Bacterial vaginosis (BV) is highly prevalent among African women and has been associated with adverse pregnancy outcomes, sexually transmitted diseases, and HIV-1.
The goal of this study was to analyze the relationship among intravaginal practices, bathing, and BV.
The authors conducted a cross-sectional study of HIV-1-seronegative Kenyan female sex workers without symptoms of vaginal infections.
Of 237 women enrolled, 206 (87%) reported vaginal washing using either a finger or cloth. Increasing frequency of vaginal washing was associated with a higher likelihood of BV (χ2 test for trend, P = 0.05). In multivariate analysis, vaginal lubrication with petroleum jelly (odds ratio [OR] = 2.8, 95% confidence interval [CI] = 1.4–5.6), lubrication with saliva (OR = 2.3, 95% CI = 1.1–4.8), and bathing less than the median for the cohort (14 times/week; OR = 4.6, 95% CI = 1.2–17.5) were associated with a significantly higher likelihood of BV.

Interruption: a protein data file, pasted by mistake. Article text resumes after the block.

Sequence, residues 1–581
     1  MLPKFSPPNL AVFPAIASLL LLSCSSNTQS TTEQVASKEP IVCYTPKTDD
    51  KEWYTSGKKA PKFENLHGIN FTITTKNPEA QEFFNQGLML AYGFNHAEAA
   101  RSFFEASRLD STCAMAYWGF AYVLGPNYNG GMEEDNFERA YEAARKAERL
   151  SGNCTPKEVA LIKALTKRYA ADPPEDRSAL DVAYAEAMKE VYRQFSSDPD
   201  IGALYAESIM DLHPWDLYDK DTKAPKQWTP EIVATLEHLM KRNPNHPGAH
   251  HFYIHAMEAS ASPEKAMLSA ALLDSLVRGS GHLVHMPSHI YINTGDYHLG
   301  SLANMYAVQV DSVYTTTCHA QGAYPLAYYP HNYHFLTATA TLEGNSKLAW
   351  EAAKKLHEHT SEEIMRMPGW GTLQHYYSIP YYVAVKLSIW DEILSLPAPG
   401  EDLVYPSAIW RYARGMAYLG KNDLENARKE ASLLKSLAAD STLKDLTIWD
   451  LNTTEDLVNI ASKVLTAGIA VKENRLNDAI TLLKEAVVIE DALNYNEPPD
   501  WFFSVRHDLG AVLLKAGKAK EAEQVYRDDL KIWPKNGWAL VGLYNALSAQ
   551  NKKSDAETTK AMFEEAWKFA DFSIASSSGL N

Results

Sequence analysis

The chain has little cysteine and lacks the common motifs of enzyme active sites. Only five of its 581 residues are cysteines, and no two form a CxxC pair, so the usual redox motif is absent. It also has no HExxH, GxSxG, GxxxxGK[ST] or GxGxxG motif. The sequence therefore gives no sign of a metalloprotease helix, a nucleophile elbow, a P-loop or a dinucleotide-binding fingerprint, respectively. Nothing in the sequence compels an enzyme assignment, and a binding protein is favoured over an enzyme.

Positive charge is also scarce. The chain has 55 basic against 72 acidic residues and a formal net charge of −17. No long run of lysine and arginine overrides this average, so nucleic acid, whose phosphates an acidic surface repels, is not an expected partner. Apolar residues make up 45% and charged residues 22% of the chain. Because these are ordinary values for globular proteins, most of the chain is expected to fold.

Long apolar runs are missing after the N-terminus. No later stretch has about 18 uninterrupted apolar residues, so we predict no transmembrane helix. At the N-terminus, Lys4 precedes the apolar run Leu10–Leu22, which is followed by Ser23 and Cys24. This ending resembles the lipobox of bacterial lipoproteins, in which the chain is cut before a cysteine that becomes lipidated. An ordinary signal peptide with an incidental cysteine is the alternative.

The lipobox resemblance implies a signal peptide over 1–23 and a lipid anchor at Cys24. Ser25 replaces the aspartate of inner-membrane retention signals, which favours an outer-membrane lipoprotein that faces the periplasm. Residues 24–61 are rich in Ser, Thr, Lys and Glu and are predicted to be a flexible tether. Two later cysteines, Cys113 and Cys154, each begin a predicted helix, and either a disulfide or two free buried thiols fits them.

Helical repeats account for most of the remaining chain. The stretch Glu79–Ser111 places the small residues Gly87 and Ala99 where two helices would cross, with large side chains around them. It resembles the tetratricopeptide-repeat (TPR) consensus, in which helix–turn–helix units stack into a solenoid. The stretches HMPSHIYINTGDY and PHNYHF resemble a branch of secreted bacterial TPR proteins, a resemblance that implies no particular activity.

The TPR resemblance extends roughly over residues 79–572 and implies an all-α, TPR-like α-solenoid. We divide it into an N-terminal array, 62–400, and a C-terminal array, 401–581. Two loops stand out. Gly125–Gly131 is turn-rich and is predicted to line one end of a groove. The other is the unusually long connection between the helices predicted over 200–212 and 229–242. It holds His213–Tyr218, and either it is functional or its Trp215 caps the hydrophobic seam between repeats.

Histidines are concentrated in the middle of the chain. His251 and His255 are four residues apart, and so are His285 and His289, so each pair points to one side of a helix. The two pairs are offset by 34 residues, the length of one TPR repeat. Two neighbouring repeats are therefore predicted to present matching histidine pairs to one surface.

Modification of intravaginal and general hygiene practices should be evaluated as potential strategies for reducing the risk of BV.
Among Kenyan female sex workers, lubrication with petroleum jelly, lubrication with saliva, and less frequent bathing were identified as novel risk factors for bacterial vaginosis.
From the Departments of *Epidemiology, †Medicine, and ‡Biostatistics, University of Washington, Seattle, Washington; the Departments of §Medical Microbiology and |Obstetrics and Gynecology, University of Nairobi, Nairobi; and ¶Coast Provincial General Hospital, Mombasa, Kenya
The authors thank Kenya HIV/STD Research Project staff, laboratory personnel and study participants for making this study a success.
This research was supported through National Institutes of Health Grant K23 AI-52480. W. M. Hassan was supported by Fogarty International Center grant D43-TW00007.
Correspondence: Wisal M. Hassan, MBChB, MPH, International AIDS Research and Training Program, University of Washington, Box 359909, 325 Ninth Avenue, Seattle, WA 98104. E-mail: firstname.lastname@example.org
Received for publication March 1, 2006, and accepted August 15, 2006.